• $\begingroup$ @Steeven Couldn't agree more. $\endgroup$ – Inquisitive Jul 31 '16 at 2:31

For any two situations where an object is in circular motion, assuming the linear velocity is equal in both cases, a larger radius requires less centripetal force to keep that object moving in the circle.

Perhaps an everyday example of this is driving on a highway curve. When you drive around a curve, you feel an "inertial" or "fictitious" centrifugal force, which feels stronger when you have more centripetal acceleration. So if you go around a curve of a small curvature - and therefore small radius - you feel like you are about to be thrown out of the car (the fictitious force), which means you have a stronger centripetal acceleration. However, if you drove at the same speed around a larger-radius curve, then you would not feel as much as much inertial force, and therefore the centripetal acceleration would be smaller.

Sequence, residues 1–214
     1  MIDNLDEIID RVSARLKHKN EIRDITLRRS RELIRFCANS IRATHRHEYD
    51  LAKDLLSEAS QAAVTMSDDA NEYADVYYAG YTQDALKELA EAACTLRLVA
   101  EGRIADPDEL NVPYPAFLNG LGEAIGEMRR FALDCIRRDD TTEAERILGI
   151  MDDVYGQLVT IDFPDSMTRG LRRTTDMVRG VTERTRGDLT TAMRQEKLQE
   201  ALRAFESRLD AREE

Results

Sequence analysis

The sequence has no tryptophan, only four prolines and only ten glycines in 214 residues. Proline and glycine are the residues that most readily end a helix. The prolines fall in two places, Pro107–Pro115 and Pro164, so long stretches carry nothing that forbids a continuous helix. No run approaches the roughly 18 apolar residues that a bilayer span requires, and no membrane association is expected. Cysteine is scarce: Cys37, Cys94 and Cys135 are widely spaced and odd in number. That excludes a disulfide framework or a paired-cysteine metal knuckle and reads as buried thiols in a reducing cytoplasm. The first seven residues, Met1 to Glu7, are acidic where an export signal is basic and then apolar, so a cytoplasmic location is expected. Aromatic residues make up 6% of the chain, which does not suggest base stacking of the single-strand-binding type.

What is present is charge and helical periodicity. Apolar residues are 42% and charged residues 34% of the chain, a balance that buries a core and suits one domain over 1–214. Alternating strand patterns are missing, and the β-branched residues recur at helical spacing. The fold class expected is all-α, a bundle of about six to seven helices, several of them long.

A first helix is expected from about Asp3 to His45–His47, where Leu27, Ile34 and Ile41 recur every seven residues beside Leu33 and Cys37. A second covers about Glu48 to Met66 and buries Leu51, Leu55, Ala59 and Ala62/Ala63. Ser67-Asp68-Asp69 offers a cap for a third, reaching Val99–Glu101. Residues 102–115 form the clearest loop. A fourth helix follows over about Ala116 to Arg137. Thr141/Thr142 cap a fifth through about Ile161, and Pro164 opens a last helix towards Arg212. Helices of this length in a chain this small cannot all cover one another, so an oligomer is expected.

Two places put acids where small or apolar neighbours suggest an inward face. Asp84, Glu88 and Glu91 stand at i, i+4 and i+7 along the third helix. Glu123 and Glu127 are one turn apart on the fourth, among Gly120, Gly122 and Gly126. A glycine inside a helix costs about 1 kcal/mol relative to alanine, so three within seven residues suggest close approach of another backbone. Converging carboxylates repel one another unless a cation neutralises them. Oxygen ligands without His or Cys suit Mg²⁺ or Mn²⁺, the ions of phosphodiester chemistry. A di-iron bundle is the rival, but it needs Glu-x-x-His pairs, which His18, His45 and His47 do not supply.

• $\begingroup$ It would be helpful to me, OP, and the community to explain the reason for the down vote. Please explain the error here so that we can learn from it. $\endgroup$ – zhutchens1 Jul 30 '16 at 21:10
  • $\begingroup$ I may have down voted too fast. You do not answer the question as I understand it, but perhaps I don't understand the question. I think he is asking for an intuitive explanation, not a mathematical one, and not one based on observation. I added a comment to the OP asking. $\endgroup$ – garyp Jul 30 '16 at 21:15
  • $\begingroup$ OP said nothing about gravitation nor about planets orbiting the sun. $\endgroup$ – robert bristow-johnson Jul 30 '16 at 22:00
  • $\begingroup$ I changed the example to answer the question more directly, which I hope, will satisfy the explanation without getting caught up in the extra details. I think this highway curve example may be more "natural" for OP to understand. $\endgroup$ – zhutchens1 Jul 30 '16 at 22:33

The key point that is missing from your two contradictory "explanations" is this:

While you are changing the radius, you are not moving in a circle around the original center point. You are moving in a spiral of some kind.

Think about a stone tied to a string being whirled in a circle. If you pull harder on the string to shorten it, the stone starts to spiral inwards, and the string is applying a tangential force to the stone as well as the radial force that causes the centripetal acceleration. The tangential force will increase the speed of the stone around the circle as the radius decreases.